It is a well-known paradox in the modern music business that it is almost impossible to be both successful and cool. The two are not quite mutually exclusive, but you wouldn’t be blamed for thinking they might as well be given the trend in the British indie rock scene since the turn of the millennium. Very few bands have managed to emerge from the crowded indie rock landscape which developed in the mid-naughties to have stable, financially successful careers, play arenas and headline world tours, and all the while preserve the edge and excitement that made them appealing in the first place.
With their fourth and most mature album yet, What Went Down, Foals prove that there’s no reason why this paradigm needs to exist, and the proof is very much in the music. After the success which followed 2010’s Total Life Forever and 2013’s Holy Fire, they became one of the biggest names in the contemporary rock scene. But as ever, what was to follow remained uncertain. To produce a fourth album of such force and confidence is nothing to dismiss. What Went Down displays a band that is aware of its strengths and yet still able to surprise, to push boundaries, and make a wave in an industry that often times seems interested in ‘what’s new’ for the sake of it.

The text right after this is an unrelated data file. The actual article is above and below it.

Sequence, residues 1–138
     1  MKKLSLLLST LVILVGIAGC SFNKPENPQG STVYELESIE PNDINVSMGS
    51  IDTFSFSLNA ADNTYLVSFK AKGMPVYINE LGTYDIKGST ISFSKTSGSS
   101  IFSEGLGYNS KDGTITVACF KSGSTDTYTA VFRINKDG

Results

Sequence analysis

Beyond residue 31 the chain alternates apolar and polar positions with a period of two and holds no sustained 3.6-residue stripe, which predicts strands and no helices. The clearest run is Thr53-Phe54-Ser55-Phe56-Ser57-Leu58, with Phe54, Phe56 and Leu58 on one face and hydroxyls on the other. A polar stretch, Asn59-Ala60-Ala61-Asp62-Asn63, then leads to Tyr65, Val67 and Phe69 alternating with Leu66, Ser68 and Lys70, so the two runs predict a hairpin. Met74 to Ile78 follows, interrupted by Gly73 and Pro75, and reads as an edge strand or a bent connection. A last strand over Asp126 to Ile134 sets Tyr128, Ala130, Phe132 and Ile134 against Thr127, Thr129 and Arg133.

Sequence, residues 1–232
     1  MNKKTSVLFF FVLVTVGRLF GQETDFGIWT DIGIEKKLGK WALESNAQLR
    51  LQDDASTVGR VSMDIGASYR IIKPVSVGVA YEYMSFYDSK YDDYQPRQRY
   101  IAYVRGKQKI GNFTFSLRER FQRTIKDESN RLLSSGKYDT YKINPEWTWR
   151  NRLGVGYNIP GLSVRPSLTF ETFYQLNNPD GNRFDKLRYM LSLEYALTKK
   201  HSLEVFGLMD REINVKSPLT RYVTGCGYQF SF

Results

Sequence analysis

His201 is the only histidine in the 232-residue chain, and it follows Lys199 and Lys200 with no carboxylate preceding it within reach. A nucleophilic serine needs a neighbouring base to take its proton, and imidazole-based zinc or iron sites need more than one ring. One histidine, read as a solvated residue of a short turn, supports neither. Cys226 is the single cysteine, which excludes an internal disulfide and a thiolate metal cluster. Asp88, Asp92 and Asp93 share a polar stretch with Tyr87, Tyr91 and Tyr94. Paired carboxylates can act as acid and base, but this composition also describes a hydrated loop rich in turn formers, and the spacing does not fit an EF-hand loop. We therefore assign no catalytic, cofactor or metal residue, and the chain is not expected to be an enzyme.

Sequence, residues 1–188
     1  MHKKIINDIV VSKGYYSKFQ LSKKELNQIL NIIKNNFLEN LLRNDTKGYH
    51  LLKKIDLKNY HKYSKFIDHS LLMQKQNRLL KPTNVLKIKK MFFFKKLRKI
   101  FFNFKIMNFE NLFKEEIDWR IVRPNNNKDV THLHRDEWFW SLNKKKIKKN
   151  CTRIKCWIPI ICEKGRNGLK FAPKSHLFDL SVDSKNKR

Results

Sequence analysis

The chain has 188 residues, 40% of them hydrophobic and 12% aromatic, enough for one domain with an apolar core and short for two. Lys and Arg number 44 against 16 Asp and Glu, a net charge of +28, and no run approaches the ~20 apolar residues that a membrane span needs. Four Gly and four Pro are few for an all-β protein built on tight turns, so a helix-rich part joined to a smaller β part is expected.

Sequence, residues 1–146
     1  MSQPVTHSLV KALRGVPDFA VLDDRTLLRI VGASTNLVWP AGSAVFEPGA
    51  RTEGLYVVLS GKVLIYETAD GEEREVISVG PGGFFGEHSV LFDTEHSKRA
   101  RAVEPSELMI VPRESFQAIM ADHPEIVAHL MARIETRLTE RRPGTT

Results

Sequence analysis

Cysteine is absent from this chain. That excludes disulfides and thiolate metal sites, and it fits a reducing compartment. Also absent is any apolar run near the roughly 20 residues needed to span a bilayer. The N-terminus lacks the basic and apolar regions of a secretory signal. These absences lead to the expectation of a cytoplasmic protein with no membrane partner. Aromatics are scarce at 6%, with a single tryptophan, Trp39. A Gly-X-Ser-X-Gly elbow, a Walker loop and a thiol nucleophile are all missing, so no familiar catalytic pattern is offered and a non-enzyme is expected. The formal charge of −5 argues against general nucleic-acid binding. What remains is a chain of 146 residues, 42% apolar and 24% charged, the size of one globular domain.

The eponymous opening track “What Went Down” is nothing short of a stroke of genius. Rather than start off with an instrumental, ambient track like Foals albums of the past, the song is pure bellowed, chord-heavy rock. “Don’t step to me kid, you’ll never be found/ While you were sleeping, I took over your town.” Foals have taken control of the narrative now. They’re in control.
The rest of the album is a fine balance between cemented maturity and Foals’ trademark sound. Songs like “Mountain At My Gates”, “Night Swimmers” and “London Thunder” are so clearly Foals tracks, with the jangling bass lines and Yannis Philippakis cutting up the syllables of the last word of every imagery-laden line. Elsewhere, the tracks are more like the opening number (“Albatross”, “Snake Oil”, “Lonely Hunter”), the guitars driving forward rather than dancing. Its a statement of strength. Foals have crafted a sound of their own in a crowded landscape and have taken it to the biggest venues around the world. They’ve now produced a fourth album that firmly pits them alongside bands like Arctic Monkeys as Britain’s most important rock bands. The refrain of “When I come to walk the line/ The fire may come, but we’ll be just fine” that repeats throughout the closing track couldn’t be more appropriate. Where others have faltered, Foals have stood tall, found commercial success, perfected a sound, and returned with greater force and self-assurance than ever. Just pray they don’t find out you were one of the ones that questioned whether it was possible.